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The Rip Curl WSL Finals is here and the biggest day in pro surfing looks like it’s going to deliver once again

By Jake Howard

It was one year ago that the Rip Curl WSL Finals debuted to the world—and what a debut it was.

Thanks to what still stands as the best south swell we’ve seen in some time, Lower Trestles lit up with 8- to 10-foot surf, pristine, bluebird conditions and the best surfers in the world elevating the sport to an entirely new level.

The event broke viewing records online, the beach was packed from Uppers to San Onofre, and even the most ardent critics had to concede that you couldn’t have asked for more. 

A spectacle such as what we saw last year was always going to be tough to follow, but with the WSL’s top five men and top five women in town for the one-day, winner-take-all sprint for the 2022 world titles, it would appear that Lowers could once again deliver.

In a single-day, high-stakes event such as this, the forecast is critically important. Thankfully, Kevin Wallis and the crew at Surfline are really good at what they do.

Drawing from decades of historical records, they know exactly what they’re looking for when it comes to calling the surf at Trestles.

“We have overlapping SSW Southern Hemisphere swells that are confirmed and on the way,” Wallis reported in his official event forecast for the waiting period that runs from Thursday, Sept. 8 through Sept.16. “The first peaks before the event window opens, Tuesday afternoon and into Wednesday, before easing on Thursday. The second builds slowly on Thursday and eventually peaks on Friday afternoon before easing on Saturday.”

“While not large, these long period swells will set up good quality surf at Lowers, running from shoulder-high to a bit overhead on their own Thursday through Saturday. The biggest and most consistent SSW swell day should be Friday—especially in the afternoon—with the larger sets running 1-2 (feet) overhead 6-7 (feet) faces,” he continued.

But wait, that’s not all, Hurricane Kay is out there spinning off the coast of Baja California and, as Wallis notes, it “is the real wild card for the end of the week and into the weekend.”

The WSL’s top five men and top five women on Tuesday, Sept. 6, gather for a press conference at the San Clemente Pier ahead of this week’s Rip Curl WSL Finals at Trestles. The world’s top surfers spoke about their experience surfing Trestles, expressed their thoughts going into the one-day, winner-take-all sprint for the 2022 world titles and proudly displayed their jerseys for the competition. Photos: Shawn Raymundo

As of press time, it remained to be seen if the energy from the hurricane actually makes it into the Lowers swell window. If it does track in our favor, look for the swell to potentially get a small boost on Friday and into the weekend.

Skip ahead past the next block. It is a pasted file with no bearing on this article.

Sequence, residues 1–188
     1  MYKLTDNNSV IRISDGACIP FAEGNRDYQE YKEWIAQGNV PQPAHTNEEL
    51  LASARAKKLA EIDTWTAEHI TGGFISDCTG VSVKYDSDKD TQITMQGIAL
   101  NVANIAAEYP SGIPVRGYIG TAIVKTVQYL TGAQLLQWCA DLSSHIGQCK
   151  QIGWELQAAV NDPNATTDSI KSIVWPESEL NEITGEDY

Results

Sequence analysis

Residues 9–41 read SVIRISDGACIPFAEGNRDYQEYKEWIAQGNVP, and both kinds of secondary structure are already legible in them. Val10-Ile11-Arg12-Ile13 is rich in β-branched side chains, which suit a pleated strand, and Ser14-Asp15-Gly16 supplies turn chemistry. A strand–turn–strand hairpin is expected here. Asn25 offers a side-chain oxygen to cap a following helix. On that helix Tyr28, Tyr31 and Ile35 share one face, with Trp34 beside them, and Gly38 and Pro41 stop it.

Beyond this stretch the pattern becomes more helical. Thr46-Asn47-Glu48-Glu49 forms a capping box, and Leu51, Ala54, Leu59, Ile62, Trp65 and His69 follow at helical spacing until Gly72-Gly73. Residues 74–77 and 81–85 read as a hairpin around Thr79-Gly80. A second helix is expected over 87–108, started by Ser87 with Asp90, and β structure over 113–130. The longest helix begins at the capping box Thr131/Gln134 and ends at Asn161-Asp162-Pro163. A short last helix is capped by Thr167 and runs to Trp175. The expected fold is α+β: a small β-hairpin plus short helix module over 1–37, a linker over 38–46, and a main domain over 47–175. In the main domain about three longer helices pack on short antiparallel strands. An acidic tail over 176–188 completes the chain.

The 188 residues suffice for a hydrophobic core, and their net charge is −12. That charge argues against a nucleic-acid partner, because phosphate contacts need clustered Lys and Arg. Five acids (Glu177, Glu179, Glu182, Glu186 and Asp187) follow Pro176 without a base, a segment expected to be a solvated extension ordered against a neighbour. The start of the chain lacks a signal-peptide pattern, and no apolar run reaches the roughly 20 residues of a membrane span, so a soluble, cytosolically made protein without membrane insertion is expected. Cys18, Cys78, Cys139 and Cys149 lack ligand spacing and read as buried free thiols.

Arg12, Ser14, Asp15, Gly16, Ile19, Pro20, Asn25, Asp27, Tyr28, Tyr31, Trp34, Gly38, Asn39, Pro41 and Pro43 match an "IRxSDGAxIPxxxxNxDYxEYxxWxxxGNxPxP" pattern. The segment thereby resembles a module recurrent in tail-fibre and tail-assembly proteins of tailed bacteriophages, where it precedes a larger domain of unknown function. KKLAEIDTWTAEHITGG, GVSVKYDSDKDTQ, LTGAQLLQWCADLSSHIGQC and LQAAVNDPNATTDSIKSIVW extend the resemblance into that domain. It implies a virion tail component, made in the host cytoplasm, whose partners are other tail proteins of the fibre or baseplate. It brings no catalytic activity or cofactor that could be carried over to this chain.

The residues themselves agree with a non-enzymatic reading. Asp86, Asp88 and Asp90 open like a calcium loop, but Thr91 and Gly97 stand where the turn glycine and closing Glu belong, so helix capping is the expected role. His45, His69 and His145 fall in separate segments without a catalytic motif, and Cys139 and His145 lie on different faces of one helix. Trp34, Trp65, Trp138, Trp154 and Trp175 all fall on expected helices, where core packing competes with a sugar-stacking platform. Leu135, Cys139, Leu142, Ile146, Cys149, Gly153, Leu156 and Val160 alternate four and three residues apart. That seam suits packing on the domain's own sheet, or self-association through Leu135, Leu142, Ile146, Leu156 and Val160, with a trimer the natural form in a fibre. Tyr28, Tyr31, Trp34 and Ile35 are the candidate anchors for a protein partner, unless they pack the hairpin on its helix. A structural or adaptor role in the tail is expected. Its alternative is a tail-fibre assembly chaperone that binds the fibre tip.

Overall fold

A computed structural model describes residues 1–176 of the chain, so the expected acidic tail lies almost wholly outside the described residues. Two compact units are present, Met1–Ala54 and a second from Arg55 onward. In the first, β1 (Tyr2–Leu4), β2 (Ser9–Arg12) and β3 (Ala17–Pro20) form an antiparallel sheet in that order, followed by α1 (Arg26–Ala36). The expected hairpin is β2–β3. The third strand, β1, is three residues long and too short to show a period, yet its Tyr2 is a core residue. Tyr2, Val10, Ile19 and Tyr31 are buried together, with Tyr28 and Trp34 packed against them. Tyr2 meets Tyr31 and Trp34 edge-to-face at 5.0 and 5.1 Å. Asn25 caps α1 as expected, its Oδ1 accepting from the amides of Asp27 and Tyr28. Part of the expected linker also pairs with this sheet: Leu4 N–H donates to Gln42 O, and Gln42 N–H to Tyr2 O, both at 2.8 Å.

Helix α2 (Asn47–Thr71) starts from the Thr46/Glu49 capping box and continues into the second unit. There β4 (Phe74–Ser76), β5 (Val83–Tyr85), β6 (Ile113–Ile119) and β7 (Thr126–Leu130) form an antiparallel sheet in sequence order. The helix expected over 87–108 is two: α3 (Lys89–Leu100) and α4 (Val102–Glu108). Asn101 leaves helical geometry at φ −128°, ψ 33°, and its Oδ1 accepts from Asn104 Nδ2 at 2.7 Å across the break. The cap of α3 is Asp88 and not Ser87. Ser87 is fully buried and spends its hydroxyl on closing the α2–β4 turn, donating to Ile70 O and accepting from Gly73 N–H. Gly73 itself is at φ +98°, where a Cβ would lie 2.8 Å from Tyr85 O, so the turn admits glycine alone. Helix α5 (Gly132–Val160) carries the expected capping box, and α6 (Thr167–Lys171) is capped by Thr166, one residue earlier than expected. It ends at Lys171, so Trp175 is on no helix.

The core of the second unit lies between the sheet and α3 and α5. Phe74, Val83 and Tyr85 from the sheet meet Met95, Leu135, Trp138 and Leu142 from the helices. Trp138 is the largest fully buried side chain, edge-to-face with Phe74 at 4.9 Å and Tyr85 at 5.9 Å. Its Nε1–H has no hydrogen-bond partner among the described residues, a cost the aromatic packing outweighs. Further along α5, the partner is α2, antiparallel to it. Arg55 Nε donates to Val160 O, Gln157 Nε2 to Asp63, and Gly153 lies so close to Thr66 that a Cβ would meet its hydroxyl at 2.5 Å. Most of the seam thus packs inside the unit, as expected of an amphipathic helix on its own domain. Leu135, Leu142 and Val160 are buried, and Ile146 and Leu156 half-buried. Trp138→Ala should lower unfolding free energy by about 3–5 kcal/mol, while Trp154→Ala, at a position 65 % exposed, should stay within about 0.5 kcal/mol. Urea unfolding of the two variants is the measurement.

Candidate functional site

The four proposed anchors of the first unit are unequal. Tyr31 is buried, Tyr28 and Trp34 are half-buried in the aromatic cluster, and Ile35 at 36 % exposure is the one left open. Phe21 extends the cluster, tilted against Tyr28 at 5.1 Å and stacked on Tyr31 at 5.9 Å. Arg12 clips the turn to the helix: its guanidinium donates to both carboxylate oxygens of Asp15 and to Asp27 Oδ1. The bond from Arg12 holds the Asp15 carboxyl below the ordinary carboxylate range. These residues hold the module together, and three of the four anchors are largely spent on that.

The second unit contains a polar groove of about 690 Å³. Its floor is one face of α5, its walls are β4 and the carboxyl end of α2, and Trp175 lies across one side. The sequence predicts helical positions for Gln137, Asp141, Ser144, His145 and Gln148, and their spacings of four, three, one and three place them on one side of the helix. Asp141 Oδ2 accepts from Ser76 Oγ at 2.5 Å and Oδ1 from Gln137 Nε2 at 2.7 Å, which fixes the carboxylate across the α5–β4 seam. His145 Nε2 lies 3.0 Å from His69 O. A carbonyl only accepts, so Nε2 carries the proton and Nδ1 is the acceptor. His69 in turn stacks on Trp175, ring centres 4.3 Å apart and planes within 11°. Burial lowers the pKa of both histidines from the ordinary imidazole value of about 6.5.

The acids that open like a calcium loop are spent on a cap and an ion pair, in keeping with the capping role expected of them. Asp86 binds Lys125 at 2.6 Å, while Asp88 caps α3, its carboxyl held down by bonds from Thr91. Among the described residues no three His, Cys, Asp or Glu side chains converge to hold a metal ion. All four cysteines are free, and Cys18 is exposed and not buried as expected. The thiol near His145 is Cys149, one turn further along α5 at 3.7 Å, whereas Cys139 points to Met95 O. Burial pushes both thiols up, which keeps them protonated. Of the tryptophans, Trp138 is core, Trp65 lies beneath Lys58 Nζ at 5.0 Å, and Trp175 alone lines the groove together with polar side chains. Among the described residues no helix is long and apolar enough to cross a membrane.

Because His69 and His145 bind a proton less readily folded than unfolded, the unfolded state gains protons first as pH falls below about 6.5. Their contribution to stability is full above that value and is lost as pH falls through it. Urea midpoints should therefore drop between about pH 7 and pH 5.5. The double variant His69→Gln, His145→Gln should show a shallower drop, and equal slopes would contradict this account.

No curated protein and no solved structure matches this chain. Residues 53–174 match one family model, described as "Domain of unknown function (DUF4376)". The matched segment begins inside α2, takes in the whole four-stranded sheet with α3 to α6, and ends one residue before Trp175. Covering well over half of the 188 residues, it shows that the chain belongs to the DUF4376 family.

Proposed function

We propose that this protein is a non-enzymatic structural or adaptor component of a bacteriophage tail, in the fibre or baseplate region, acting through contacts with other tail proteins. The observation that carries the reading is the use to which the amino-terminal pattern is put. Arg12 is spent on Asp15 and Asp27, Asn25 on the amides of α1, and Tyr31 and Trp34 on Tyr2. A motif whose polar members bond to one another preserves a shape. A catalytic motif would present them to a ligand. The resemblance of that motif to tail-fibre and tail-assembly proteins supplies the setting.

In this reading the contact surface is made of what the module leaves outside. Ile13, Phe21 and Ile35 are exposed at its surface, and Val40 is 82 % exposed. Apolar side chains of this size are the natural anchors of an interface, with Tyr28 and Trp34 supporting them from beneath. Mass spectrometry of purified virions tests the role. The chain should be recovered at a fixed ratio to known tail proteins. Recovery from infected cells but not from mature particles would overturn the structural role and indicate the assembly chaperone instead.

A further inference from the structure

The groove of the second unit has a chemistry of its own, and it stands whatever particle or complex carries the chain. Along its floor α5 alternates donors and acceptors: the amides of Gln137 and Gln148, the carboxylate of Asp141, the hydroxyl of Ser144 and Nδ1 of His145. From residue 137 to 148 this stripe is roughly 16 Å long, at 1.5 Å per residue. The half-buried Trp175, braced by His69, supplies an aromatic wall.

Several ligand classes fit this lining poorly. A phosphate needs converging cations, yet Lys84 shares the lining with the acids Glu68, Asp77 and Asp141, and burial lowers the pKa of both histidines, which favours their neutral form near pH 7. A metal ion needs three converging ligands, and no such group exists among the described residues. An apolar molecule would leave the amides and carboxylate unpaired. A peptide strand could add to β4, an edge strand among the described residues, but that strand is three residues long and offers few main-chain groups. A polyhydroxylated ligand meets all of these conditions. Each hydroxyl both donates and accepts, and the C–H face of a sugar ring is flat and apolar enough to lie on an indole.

“Based on the latest guidance, we’ll look for some mid-to-longer period SE swell to fill in for the end of the week, late Thursday but primarily on Friday. This does not look large at this point—probably just enough to add a little consistency to the expected SSW Southern Hemisphere swell,” said Wallis. 

With the forecast looking good, what about the contenders? This year, Carissa Moore, the No. 1 women’s seed, will be looking to win her third straight title and the sixth of her already storied career. If she can win No. 6, she’ll be one away from tying Australians Layne Beachley and Stephanie Gilmore for most world titles. 

“Trestles is such a special place for me and such a special wave; to be here competing against these women for the world title, it’s a dream,” said Moore at the event’s opening press conference, held on the San Clemente Pier on Tuesday, Sept. 6.

For the men, San Clemente resident Filipe Toledo is the men’s No. 1 seed and is clearly focused on winning his first title. Having moved his family to town almost a decade ago, Toledo is widely considered to be the best Lowers surfer in the field.

“I’m blessed to be here with my family and friends, doing what I love to do, which is surfing,” Toledo explained. “I can’t wait.”

The waiting period for the Rip Curl WSL Finals runs from Sept. 8-16. As noted, it’s a one-day event that will decide the 2022 WSL World Champions. See you down on the cobblestones this week.

Jake Howard is local surfer and freelance writer who lives in San Clemente. A former editor at Surfer Magazine, The Surfer’s Journal and ESPN, today he writes for a number of publications, including Picket Fence Media, Surfline and the World Surf League. He also works with philanthropic organizations such as the Surfing Heritage and Culture Center and the Positive Vibe Warriors Foundation.

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